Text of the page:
As the saying goes, “Ashes to ashes, dust to dust”. After all, Coach Ben makes the ultimate choice and sets the shelter on fire. As the episode concludes, the girls are left without a cottage in the dead of winter. “Storytelling” ends with the survivors grabbing whatever they can and running out as “The Killing Moon” by Echo & The Bunnymen plays in the background.
Episode nine, as well as the entire season, is filled with symbols. As mentioned before, there is an element of putting on a mask. Once the adult characters put on their masks, they become someone else. Imaginably, they disassociate from their identity, and they let “the wild” versions do what’s the most difficult. They become numb as they gaze at Shauna and see not a person, but a prey. When pondering the scene, it’s easy to see correlations to masked killers from slasher films whose masks act as shields.
We also finally find out who the Antler Queen is. As Lottie claims, the wild chose Natalie as their leader, because it spared her. Not only in the finale, but throughout the entire season two, there are references to the deer and antlers. Interestingly, when it comes to antlers in dreams and visions, if one sees deer antlers, it means that the happiness will be short-lived. Deer antlers also indicate physical strength and endurance, as well as the tenacity required to survive.
Last, but not least, we have a Queen of Hearts card, a card that haunted Lottie in visions for the entire season. In tarot, normal cards can also be utilized. The Queen of Hearts is shown in classic playing card decks as wearing an extravagant robe and holding a flower. The flower, which occurs in all four suits of the queens, indicates self-growth; queens are spirits who are fully in control of themselves. Her look means to convey a queen’s sincerity and compassion. She embodies self-love and can gift space to others. It’s intriguing to know this, as the card shown in Yellowjackets has its eyes blurred with a black pen. It perhaps refers to them at their most primal, like Shauna, who covers her eyes when butchering Javi, as to, again, disassociate herself from the act.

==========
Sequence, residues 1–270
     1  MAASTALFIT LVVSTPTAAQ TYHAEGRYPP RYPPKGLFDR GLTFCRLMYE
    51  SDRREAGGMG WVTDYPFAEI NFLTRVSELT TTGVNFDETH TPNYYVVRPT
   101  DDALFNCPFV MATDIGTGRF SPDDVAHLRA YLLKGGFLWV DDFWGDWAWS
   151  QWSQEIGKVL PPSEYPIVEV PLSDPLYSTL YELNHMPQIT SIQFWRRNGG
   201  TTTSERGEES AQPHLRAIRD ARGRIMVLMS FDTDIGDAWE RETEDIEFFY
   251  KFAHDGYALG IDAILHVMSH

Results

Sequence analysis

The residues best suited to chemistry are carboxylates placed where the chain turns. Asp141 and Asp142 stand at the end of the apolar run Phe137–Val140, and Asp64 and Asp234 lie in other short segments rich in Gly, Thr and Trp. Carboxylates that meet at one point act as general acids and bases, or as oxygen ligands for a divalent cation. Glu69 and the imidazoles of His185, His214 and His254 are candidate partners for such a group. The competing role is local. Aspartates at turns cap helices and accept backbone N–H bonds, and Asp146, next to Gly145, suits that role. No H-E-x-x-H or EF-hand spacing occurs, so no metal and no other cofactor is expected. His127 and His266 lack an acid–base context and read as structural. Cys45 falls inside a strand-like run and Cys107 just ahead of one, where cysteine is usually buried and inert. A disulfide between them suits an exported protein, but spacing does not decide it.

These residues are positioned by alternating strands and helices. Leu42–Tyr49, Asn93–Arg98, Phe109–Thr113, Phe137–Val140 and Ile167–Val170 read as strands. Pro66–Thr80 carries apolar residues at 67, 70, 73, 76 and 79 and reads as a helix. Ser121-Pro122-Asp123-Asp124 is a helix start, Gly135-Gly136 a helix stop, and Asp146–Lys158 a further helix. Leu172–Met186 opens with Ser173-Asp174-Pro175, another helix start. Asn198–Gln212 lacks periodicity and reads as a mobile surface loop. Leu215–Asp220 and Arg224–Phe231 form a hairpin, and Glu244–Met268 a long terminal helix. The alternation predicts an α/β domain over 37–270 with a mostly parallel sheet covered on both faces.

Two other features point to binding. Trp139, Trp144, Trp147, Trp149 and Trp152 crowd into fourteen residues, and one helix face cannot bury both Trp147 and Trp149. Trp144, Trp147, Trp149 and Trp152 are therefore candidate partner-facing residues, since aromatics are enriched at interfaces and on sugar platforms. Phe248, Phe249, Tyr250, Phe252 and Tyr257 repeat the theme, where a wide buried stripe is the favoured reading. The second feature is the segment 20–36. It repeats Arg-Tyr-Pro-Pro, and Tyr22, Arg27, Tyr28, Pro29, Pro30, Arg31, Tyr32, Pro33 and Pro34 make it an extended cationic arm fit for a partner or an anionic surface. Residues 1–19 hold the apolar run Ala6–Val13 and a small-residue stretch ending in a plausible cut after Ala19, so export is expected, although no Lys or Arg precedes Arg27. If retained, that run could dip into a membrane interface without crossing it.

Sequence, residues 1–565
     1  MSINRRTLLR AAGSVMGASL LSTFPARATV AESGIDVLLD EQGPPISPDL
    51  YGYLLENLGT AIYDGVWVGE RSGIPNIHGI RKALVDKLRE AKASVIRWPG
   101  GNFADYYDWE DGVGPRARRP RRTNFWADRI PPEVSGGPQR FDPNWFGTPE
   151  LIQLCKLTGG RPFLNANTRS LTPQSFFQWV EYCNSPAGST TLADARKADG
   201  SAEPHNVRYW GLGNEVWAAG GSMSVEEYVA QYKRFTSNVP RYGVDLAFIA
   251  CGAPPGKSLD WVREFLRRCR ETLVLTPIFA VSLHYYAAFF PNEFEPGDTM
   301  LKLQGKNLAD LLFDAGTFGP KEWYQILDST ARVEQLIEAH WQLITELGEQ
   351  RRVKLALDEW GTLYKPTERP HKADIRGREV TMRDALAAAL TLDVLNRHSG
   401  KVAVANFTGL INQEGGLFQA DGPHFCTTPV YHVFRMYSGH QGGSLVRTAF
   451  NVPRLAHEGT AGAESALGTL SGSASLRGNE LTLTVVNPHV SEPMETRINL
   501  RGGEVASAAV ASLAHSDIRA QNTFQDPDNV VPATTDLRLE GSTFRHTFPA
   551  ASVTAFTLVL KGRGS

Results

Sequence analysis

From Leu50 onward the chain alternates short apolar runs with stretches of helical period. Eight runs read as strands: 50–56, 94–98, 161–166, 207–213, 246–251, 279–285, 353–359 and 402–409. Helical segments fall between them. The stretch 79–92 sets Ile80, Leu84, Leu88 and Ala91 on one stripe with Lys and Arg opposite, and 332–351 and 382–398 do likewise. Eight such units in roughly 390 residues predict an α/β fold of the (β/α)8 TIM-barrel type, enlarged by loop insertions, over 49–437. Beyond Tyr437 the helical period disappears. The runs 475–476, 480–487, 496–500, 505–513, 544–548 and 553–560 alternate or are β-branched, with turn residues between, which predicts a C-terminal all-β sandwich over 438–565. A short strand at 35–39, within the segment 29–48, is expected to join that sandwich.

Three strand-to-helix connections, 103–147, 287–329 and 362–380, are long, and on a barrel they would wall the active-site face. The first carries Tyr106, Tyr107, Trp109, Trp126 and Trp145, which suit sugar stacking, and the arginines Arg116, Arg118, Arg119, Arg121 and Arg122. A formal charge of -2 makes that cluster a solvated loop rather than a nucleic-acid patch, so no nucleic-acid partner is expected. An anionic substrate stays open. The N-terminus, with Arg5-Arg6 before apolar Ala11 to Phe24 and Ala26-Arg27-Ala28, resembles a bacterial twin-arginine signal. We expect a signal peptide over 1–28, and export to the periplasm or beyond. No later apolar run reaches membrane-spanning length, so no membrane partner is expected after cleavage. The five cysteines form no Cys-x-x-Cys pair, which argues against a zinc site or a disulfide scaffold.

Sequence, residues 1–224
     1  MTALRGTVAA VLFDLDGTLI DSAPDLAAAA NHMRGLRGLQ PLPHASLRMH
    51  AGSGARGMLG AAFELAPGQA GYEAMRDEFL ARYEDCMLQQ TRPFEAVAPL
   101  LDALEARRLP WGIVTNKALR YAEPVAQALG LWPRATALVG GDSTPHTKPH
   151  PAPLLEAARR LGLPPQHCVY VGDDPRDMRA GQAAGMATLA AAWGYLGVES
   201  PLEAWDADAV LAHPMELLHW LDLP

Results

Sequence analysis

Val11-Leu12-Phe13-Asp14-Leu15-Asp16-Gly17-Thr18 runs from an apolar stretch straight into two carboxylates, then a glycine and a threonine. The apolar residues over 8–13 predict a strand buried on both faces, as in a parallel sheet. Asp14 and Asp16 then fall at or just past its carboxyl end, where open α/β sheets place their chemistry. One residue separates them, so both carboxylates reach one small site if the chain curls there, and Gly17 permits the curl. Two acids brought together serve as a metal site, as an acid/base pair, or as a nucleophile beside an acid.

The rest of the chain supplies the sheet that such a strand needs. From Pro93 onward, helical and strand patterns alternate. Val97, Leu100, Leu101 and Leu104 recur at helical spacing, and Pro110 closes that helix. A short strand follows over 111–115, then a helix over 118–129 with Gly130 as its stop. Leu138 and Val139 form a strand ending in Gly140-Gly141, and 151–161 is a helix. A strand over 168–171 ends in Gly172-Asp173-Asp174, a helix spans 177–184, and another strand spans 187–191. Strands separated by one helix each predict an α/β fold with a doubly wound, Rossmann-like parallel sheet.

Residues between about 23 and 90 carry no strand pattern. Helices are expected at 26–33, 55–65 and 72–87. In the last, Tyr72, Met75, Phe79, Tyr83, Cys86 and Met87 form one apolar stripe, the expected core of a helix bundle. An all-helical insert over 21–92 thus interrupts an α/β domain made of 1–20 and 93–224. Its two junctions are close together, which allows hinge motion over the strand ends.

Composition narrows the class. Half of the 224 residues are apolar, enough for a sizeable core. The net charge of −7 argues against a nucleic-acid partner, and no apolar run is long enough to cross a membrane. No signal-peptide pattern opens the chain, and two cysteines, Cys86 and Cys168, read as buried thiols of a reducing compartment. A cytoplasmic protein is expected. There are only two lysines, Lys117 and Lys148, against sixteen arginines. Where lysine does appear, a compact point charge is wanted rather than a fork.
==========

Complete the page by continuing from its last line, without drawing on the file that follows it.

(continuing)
With the season finale, many already started hypothesizing about what’s to transpire in season three. We’ll certainly continue to see the bloody rules unravel further as the team struggles to survive. Perhaps adult Lottie’s words from “Storytelling” are foreshadowing. In the scene where they draw and Tai initially refuses, Charlotte says, “Taissa, are you refusing a draw? Because you know what happens when you do.”
Also Read: We’re Living In The Age of Queer Horror
But what can we expect to happen to adult characters in season 3? Another clue may lie in the way Van reacts to Charlotte’s words as the woman is examined by the ER. Taissa assures her they’ll see each other soon but she must be taken away for some time. Kessell’s character whispers, “We gave it what it wanted. It’s pleased with us. You’ll see.” Van’s facial expression says it all—she’s terrified, perhaps scarred all over again, but also hopeful. Maybe she believes that it will affect her terminal illness in a positive way. A big part of season three may focus on Van’s story, Taissa’s sleepwalking, and Lottie’s stay at the psychiatric facility.
With a season finale as packed as “Storytelling,” it’s easy to find many hints as to what’s to come. One thing is certain: this episode, as well as the entire season two, demonstrates that Yellowjackets is, first and foremost, an insightful, intricate character study. It shows how deeply embedded trauma can be and how far one can go just to survive.
Yellowjackets is available to stream on Showtime and Paramount+.